Some people have complained about the lack of heating in recent weeks.

At the onset of fall, buildings across campus face serious heating problems. The cool nights and mornings, followed by warmer daytime temperatures pose major challenges for our antiquated heating, ventilation, and air conditioning (HVAC) systems, according to David Early, executive director of Facilities Management.

“Unfortunately our heating, ventilating, and air conditioning (HVAC) systems are ill-equipped to meet these needs effectively,” said Early. “The heating systems in our classroom buildings such as Payson Smith Hall, Luther Bonney Hall, the Law Building, Bailey Hall, Corthell Hall, Russell Hall, the John Mitchell Center, etc., are on average 40 years old.”

The age of the HVAC equipment coupled with the inherent difficulty of effectively heating “large institutional buildings” makes maintaining comfortable temperatures in the “shoulder seasons” – spring and fall, almost impossible. If buildings were heated, classrooms would likely overheat when students filled them, making them more uncomfortable than if the heat remained off, said Early.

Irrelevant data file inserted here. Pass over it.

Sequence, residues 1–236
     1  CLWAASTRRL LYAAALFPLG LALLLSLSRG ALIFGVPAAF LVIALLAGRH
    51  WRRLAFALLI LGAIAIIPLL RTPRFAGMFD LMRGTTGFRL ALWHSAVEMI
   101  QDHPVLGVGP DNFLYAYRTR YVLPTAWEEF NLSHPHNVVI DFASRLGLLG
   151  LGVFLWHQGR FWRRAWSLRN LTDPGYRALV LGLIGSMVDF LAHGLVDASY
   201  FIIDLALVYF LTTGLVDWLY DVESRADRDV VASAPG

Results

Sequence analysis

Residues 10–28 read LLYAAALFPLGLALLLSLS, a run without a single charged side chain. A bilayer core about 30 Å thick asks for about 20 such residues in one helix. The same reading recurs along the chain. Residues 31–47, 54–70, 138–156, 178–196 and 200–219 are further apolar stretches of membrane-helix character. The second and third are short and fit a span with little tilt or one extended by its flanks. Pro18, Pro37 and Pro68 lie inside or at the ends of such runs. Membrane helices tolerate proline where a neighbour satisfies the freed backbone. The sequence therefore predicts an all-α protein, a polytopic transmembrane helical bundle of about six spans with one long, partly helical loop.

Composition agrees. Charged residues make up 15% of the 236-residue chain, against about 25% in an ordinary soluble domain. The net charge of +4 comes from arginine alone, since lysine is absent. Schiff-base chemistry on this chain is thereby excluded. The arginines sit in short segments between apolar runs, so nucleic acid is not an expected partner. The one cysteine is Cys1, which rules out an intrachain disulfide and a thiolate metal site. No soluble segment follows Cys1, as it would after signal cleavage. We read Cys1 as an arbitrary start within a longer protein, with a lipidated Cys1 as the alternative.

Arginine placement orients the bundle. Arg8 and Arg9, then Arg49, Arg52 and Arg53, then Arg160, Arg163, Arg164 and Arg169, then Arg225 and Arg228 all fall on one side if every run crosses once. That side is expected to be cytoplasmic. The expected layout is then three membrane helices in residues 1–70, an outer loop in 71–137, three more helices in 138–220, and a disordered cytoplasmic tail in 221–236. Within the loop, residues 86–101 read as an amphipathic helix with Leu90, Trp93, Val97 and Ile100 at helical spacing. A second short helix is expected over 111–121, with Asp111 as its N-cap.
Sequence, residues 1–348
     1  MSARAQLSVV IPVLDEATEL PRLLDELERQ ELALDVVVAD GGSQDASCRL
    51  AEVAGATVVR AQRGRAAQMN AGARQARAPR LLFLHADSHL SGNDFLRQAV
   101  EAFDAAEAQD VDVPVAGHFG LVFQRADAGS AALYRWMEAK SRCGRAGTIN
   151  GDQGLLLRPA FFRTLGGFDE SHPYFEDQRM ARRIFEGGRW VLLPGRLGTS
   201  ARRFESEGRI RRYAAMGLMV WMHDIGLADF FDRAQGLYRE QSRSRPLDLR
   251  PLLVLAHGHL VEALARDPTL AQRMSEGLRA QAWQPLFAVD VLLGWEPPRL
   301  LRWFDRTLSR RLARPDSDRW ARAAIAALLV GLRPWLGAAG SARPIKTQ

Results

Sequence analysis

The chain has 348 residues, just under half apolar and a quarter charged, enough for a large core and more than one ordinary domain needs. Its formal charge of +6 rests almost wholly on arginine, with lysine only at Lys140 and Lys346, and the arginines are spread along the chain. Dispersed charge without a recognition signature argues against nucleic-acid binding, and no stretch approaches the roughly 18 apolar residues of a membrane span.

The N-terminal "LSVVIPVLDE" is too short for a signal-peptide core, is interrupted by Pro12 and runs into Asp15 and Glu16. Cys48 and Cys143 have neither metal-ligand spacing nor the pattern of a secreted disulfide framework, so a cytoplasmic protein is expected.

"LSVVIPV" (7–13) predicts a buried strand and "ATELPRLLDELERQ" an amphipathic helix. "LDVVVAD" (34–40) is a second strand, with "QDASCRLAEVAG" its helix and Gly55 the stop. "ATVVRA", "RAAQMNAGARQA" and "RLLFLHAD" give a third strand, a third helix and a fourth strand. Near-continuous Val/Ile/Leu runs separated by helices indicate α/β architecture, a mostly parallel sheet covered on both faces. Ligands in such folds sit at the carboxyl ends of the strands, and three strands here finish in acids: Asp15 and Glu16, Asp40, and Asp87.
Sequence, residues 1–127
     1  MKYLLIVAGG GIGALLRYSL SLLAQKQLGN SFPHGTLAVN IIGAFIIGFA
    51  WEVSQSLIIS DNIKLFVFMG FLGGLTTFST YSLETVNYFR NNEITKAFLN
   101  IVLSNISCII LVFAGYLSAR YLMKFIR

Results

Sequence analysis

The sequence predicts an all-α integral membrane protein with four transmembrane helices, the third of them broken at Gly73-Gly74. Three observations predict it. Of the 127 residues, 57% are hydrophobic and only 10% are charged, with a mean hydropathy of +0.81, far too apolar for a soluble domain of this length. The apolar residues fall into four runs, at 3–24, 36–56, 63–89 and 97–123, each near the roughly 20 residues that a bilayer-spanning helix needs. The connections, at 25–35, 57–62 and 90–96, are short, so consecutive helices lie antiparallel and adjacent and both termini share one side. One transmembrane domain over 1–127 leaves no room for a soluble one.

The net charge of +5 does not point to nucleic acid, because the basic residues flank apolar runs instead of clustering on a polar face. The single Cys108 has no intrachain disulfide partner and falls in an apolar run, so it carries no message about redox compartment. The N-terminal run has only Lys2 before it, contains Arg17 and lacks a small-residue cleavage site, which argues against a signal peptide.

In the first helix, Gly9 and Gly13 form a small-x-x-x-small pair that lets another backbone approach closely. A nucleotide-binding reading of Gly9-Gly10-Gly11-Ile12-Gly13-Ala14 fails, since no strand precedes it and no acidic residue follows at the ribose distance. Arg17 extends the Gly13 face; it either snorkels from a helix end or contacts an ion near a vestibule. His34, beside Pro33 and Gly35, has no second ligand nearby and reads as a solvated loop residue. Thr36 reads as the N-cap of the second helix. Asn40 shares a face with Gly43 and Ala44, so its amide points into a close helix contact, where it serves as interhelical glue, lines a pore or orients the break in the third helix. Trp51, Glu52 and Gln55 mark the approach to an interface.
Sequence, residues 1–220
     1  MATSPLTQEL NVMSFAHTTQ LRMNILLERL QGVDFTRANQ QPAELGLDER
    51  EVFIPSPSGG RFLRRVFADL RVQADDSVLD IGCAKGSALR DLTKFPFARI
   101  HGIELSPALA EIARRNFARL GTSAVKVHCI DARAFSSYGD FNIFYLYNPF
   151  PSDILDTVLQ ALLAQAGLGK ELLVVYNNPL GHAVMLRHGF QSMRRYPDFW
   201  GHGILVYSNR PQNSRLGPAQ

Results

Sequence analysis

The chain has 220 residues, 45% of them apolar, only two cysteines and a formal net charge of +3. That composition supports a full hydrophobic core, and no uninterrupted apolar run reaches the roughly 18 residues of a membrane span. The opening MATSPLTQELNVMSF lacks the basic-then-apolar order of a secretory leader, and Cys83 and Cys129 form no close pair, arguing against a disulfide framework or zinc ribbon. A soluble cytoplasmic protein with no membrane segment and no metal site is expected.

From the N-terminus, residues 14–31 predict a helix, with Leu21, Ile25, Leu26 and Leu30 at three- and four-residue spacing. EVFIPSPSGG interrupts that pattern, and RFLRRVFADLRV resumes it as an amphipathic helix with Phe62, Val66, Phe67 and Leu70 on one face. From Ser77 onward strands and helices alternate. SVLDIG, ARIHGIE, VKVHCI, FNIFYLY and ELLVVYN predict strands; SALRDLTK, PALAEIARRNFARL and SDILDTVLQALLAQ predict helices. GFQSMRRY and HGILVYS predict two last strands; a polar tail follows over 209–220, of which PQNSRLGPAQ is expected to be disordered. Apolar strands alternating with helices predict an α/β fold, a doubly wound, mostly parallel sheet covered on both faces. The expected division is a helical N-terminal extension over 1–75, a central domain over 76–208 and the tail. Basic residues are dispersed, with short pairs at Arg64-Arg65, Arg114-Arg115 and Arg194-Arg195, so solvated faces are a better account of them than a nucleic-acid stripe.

Complaints began coming in from the Gorham campus during the Columbus Day holiday when temperatures plummeted below 50 degrees in some Bailey Hall offices.

The cause of the unusually cold temperatures was a leak in the 40-year-old underground HVAC piping that dumped over 3,000 gallons of water from the system per day. The heating water flowing to Bailey had to be shut off so Facilities Management could isolate and excavate the burst pipe and repair it.

According to Early, the University is attempting to replace portions of the ailing HVAC system as they break, but is unable to perform major system overhauls due to the high cost, estimated between $2 and $3 million.


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